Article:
I designed and wrote a Session Manager to bridge between Radius servers and Siteminder for vodafone italy. Mobile traffic generated 100+ requests per second to my component.

    By being plain Java, I could manage to have endpoints through Orbix and a socket server on the other end (no useless J2EE contract). Plus the fancy GUI to show the customer, but that would simply be service client.
    Manage pools exactly as we needed, so we had to write our own.
    Manage timeouts and all sorts of errors in the system (the 20 Radius servers would each fail once in a while).
    Manage TX as we needed, through Multi-Master Slave-By-Subscription writes.

    But the real beauty was minimizing the involvment of system engineers. No need to have highly skilled ones. No need to document pages and pages of manuals for robustness operations and configuration.

    And we proved that to scale, all the customer had to do, would be to start up more instances of either masters or slave services.

    I am now back in the J2EE world, websphere and weblogic have big GUIs that make you think the technology is superior.
    It is ok, because the projects aren't that important or demanding.
  9. Hi Geir,   You can finally throw away all that EJB crap and use some serious containers, not to mention service discovery. :-)Seriously though, I hope it goes through, there are some amazing implementations we've implemented in the banking world using this technology. Options Exchange drivers, pre-trade and post-trade matching engines, OMSs, it's great stuff.It will provide a great compliment to many of the existing technologies, including J2EE.-John-

    Don't you mean gerongo ? While your at it, get rid of the spring elephant eh John ? Plug plug ..
  10. Don't you mean gerongo ? While your at it, get rid of the spring elephant eh John ? Plug plug ..

    I'm not quite sure I understand your question, if it is a question. I've not used "Greongo" (presuming you mean Geronimo), JPMC where I recently worked used its own lightweight J2EE stack (called Tigger internally) run by Steve Neiman, one of their lead architects.

    As for Spring, yes I'm a fan of Spring, it has it's issues but it's a lot more flexible than raw J2EE. Spring has been already been integrated with Jini and JavaSpaces by the way.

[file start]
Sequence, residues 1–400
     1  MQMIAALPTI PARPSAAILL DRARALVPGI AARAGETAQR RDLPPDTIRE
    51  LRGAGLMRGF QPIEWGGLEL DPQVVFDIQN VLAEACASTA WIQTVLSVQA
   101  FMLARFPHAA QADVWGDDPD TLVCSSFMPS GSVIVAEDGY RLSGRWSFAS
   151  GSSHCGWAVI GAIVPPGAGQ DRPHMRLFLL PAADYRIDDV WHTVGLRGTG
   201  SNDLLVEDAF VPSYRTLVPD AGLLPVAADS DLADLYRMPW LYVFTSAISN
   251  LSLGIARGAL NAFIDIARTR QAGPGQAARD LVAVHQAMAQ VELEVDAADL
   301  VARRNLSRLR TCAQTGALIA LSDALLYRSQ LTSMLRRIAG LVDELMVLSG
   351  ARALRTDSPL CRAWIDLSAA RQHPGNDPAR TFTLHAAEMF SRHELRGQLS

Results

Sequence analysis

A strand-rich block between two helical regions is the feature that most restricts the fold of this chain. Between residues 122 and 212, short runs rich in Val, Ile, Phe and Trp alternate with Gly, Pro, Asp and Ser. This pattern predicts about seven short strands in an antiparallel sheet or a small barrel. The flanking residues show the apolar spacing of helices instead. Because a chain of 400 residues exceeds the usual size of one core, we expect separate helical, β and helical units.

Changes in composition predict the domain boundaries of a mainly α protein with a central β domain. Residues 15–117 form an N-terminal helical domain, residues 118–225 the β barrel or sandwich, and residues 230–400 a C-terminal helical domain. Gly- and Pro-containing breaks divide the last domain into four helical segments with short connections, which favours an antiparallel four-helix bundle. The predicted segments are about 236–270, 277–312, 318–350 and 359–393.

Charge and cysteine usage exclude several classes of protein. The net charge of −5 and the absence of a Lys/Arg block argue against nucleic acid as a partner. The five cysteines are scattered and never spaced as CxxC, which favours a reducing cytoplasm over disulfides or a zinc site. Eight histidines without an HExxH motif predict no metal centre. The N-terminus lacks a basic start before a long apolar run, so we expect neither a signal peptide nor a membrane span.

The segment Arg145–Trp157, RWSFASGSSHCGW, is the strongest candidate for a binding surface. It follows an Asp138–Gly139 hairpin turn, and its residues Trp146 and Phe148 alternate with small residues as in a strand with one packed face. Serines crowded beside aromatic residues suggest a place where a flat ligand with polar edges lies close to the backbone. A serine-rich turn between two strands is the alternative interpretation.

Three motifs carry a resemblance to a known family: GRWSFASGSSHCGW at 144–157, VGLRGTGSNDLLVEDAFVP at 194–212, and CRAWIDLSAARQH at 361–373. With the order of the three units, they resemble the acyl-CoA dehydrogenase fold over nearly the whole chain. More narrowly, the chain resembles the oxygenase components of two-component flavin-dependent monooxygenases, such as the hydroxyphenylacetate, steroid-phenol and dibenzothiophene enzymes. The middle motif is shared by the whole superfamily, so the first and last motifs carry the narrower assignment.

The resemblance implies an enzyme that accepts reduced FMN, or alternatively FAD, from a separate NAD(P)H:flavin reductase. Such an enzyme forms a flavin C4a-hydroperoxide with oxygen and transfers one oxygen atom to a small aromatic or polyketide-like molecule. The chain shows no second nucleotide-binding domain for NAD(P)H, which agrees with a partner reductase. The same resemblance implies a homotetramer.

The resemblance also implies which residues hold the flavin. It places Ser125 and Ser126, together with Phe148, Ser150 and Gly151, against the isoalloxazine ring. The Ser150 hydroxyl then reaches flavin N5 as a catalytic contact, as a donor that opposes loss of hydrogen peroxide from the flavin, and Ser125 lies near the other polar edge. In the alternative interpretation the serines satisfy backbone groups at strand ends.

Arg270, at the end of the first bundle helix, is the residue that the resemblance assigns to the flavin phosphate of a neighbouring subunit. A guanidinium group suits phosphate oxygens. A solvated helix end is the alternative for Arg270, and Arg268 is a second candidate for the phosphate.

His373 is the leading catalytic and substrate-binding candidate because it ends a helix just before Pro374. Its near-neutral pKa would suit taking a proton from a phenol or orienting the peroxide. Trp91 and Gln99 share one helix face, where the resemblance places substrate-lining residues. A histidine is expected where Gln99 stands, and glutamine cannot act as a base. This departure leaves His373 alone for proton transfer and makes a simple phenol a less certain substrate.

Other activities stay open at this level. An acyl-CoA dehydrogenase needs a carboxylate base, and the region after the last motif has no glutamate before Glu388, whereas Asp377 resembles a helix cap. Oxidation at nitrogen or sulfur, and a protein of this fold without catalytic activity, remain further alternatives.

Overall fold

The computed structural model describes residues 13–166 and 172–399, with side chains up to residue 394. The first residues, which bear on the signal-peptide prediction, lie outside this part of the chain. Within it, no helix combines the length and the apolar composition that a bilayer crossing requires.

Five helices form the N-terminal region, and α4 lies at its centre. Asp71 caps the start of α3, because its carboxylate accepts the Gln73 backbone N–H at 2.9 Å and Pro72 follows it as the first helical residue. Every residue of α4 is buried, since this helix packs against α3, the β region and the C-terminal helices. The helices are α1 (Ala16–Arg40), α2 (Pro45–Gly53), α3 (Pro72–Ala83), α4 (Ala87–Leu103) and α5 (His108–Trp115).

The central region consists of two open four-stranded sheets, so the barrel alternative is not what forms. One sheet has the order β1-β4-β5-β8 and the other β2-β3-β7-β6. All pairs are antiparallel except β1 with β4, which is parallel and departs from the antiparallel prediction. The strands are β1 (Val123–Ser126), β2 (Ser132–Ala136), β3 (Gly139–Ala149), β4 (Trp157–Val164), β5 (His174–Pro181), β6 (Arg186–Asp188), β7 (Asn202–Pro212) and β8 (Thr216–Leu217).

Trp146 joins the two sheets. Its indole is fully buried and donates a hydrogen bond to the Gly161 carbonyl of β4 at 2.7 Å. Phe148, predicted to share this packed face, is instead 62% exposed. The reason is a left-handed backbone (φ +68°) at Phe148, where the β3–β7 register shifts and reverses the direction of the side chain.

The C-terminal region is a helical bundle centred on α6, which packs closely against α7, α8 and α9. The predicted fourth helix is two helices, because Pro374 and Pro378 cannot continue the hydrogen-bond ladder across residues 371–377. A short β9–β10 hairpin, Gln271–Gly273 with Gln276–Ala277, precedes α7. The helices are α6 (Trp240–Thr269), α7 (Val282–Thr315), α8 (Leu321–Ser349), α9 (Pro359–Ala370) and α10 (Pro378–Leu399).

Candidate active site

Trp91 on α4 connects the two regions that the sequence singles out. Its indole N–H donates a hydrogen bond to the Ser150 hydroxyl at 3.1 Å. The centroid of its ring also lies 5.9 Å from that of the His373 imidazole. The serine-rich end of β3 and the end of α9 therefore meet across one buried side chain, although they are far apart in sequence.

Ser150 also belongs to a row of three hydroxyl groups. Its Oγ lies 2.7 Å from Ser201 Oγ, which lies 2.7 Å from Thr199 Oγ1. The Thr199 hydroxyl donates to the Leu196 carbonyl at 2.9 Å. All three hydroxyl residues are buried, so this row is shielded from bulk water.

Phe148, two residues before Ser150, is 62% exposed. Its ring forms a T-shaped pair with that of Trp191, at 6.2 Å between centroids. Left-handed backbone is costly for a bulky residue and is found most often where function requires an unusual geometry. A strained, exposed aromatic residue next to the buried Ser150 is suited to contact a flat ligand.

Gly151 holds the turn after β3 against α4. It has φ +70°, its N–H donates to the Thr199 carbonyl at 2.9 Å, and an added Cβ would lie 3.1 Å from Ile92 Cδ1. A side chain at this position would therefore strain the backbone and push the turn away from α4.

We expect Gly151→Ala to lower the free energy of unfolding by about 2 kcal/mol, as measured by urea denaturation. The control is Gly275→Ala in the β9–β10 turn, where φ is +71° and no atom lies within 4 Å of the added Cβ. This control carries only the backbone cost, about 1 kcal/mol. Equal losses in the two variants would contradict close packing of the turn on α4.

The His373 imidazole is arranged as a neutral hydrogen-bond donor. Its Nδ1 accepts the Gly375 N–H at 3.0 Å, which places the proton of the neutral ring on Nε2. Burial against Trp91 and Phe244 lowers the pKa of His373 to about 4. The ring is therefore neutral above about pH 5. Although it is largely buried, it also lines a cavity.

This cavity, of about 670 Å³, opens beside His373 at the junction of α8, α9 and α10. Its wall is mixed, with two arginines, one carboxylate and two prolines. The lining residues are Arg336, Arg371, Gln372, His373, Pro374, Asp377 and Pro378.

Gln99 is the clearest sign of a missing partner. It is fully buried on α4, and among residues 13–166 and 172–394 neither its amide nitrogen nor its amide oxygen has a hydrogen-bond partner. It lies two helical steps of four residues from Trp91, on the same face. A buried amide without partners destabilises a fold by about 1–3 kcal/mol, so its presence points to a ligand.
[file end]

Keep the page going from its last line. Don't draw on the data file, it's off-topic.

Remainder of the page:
-John-
  11. I've read a little about JINI. It's sort of interesting.
    I've worked on Grid Computing project using Open Source Globus Toolkit (GT3). At the time that I was working on GT3, it was still developing & was difficult to do certain tasks.
    Reading about Jini it looked more promising & I hope that it'll take off & not be dormant.
  12. Excellent[ Go to top ]

    This is one of the best technologies out and Sun has hidden it behind its obsession with J2EE for years. Jini solves a multitude of problems and issues that were never really satisfied with "classic" J2EE. Some of the brighter companies combined the two technologies but it was the west coast Sun guys that really kept this from the lime-light it deserved.

    I hope, finally, we might get to see some serious exposure on this simple but powerful technology.

    I shall be talking about this along with other other grid/caching technologies in the TSSJS-E in June.

    -John-
  13. I think it is a bit late for giving the Code to apache Foundation .
    btw , It is a big move from Sun to give its Grid computing code base as Apache licensed .
  14. The sun grid codebase[ Go to top ]

    The sun utility computing codebase is not jini based. It is a mixture of N1GE and a hodge podge of other stuff. All bery basic and uninteresting.

    There was an early effort to create a Jini based solution for Sun Grid, but the management changed while we were developing it. The new management decided to do something quick and dirty and wait until the J2EE and N1 product teams caught up. And so they cancelled our Jini based efforts.

    There are some other pilot projects with Jini and grid computing but the SunGrid team is not really using them.